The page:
Young children are especially vulnerable to strong chemicals because of their sensitive skin. As such, they present a much higher risk of harm if they come into contact with traditional human-made pesticides compared to adults.
Thankfully, diatomaceous earth is proven to be non-toxic to both children and animals alike. So, whether it is rubbed on to the skin or ingested, it is unlikely to do any harm.
Related: The best pet safe store-bought ant killers
If breathed in as a powdered form, it can cause minor irritation to the throat and lungs. But no more so than if a child breathes in a dust cloud, or when sand blows into their face at the beach.
The same can be said for Fido and his other furry friends. Extensive testing over the years on chickens, rats, and aquatic life shows that it is pet-safe.
Chickens are regularly fed a diet that contains DE to aid the cleansing of the digestive tract. It is also placed into coops as a dust bath to rid them of ticks and mites externally without any adverse effects.
Is Diatomaceous Earth Biologically Friendly?
Silicon is a major element in soil, rocks, sands, and clays, as well as being present in many plants. It is a key component of plant growth.
This means that many flora and fauna encounter it in their daily life through both diet and contact.
Many agencies have stated that diatomaceous earth is unlikely to affect birds, fish, or other wildlife in a harmful way.
We know that you, as an environmentally aware reader, have significant concerns surrounding human-made chemicals. Our daily use of these in our lives can mean they end up in rivers, lakes, and oceans. The negative effect this can have on aquatic life is immense. But luckily, diatomaceous earth is non-toxic in water as well.
The ocean contains naturally occurring diatomaceous earth in large quantities; after all, it is a type of phytoplankton. It is a crucial component for many marine organisms who need it for their skeletal development. So, rest assured that it is non-toxic to fish and aquatic invertebrates too.
Is it for Indoor or Outdoor Use (or Both?)
Diatomaceous earth can be applied pretty much anywhere that you find ants. Which means both indoor and outdoor use is perfectly safe. So, whether you have ants closing ranks on your prize cabbages or have an in-house pantry breach, it can be relied upon to do the job.
Unlike bicarbonate of soda that must be mixed with sugar for the ants to digest, all they have to do here is walk through it.
Outside, spreading the powder as a border around your property can be a proactive method that stops them from migrating indoors. Just apply it to any cracks in walls or foundations, and it’s as easy as that to keep them out.
There is one caveat to diatomaceous earth outdoor use, and as you already know, it’s moisture. As we said before, it needs to be dry to take full effect, so if you’re expecting a downpour, save the application for another day.
Once the ants are gone, you can clean up with a mop and bucket. Not only is this the easiest clean-up method, but it washes away any pheromones, preventing ants seeking out their wounded brethren.
How to Use Diatomaceous Earth to Kill Ants
- Start by locating where the ants have been congregating and then follow their entry and exit points to get a good understanding of where they are coming from. If you can follow them back to the nest, this is a bonus.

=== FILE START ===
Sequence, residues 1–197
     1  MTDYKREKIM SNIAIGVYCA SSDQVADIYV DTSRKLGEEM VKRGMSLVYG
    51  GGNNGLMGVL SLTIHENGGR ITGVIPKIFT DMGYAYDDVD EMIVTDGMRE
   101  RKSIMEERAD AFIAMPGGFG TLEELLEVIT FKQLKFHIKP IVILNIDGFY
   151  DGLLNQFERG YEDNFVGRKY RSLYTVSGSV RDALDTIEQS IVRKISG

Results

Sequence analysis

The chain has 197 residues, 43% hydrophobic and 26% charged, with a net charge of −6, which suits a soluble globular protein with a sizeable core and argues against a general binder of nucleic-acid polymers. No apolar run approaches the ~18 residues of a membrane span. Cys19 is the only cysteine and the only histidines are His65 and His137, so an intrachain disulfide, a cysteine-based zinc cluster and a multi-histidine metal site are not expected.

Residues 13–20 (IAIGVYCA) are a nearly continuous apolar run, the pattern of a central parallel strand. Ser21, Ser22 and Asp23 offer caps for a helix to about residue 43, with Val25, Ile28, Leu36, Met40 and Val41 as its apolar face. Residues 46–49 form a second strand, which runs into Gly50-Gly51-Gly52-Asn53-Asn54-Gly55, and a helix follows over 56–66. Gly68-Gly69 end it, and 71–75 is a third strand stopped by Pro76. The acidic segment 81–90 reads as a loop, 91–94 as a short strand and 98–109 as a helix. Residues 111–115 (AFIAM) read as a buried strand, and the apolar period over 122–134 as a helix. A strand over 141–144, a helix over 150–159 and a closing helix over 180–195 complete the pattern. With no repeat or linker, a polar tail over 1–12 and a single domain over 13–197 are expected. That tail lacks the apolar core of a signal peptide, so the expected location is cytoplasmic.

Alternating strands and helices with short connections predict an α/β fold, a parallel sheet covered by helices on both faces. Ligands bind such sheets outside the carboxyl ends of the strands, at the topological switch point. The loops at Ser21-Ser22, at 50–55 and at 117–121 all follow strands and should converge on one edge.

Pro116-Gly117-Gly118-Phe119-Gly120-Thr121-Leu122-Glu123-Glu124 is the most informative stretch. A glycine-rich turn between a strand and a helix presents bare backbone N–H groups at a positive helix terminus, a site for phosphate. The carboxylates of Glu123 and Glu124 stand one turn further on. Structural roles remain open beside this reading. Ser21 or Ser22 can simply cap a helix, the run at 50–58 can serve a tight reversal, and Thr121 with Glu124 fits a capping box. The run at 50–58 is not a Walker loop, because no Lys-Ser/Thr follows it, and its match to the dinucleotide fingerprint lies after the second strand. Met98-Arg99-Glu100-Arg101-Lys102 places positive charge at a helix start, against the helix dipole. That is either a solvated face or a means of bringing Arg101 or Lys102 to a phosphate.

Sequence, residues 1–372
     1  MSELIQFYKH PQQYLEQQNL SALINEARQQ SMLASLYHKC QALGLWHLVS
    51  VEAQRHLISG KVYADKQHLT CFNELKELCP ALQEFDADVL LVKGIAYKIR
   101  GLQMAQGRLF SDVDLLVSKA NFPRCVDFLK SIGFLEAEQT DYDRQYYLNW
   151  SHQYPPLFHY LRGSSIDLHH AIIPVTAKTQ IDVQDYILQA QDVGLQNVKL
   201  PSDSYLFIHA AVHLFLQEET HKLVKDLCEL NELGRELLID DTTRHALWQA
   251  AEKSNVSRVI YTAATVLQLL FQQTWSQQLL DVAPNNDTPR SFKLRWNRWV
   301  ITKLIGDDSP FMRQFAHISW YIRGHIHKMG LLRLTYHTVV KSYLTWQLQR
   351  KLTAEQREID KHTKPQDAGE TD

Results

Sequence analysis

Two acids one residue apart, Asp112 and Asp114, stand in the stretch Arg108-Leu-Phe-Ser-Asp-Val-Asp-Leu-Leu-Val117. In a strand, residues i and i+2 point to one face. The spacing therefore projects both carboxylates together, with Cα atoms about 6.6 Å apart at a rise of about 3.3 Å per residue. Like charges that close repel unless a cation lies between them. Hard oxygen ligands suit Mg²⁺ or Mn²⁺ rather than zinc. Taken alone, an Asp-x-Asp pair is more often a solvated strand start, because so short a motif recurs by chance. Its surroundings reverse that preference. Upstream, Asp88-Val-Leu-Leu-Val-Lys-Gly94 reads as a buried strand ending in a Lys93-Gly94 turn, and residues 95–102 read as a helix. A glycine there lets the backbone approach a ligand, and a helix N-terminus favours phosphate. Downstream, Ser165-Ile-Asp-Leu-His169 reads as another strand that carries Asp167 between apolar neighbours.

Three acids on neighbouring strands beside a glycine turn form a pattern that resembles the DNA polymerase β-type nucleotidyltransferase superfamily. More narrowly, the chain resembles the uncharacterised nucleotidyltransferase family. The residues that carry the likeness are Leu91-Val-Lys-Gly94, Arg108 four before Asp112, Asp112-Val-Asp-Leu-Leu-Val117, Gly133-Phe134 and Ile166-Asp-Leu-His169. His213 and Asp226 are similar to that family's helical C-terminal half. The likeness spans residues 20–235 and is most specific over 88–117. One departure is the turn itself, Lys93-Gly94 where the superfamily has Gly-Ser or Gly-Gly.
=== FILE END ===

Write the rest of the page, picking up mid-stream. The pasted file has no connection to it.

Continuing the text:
- Spread a thin line of diatomaceous earth around the main areas that the ants have been active in. Make sure to apply extra along your skirtings and windowsills where they often have multiple entry and exit points.
- When the congregation is traveling in formation, get dusting. Applying it directly to a troop of ants is the quickest and most effective way of using diatomaceous earth. The ants will take it straight back to HQ and share it around. They’re selfless like that.
- Give it a day or two to see if the ants have survived the first onslaught. If so, reapply it as needed.
- Given the cheap nature of diatomaceous earth sold in bulk, please don’t be stingy with its application. This is cost-effective pest control, so it’s best just to get it done the first time. It can be used proactively to prevent an infestation, so apply it liberally around your house and the prized petunias. If you’ve got an infestation and know where the nest it, make it rain diatomaceous earth!
- Once the battle is over and the war is won, clean it up. A good wash down of all surfaces with a hose or mop and bucket will do the trick. This will prevent the ants from returning and make your home and garden presentable once again.
Well, there you have it, a cost-effective and proven solution to all your pesky insect needs – especially the eradication of ants.
And unlike other pest control solutions, you don’t need to keep Fido and the kids out of the way. But not with diatomaceous earth, it’s super easy and convenient. It is a great all-around ant killer that almost immediately takes effect, and it is biologically safe.
So, next time you find a few extra mouths to feed at the garden table, reach for the diatomaceous earth, and send them packing.
Do you have experience of using diatomaceous earth for ants or any other insect intruder? Do you use it for another application that you think our readers need to know about?
If so, let us know in the comments below, and we’ll meet you there for a discussion on all things diatomaceous earth.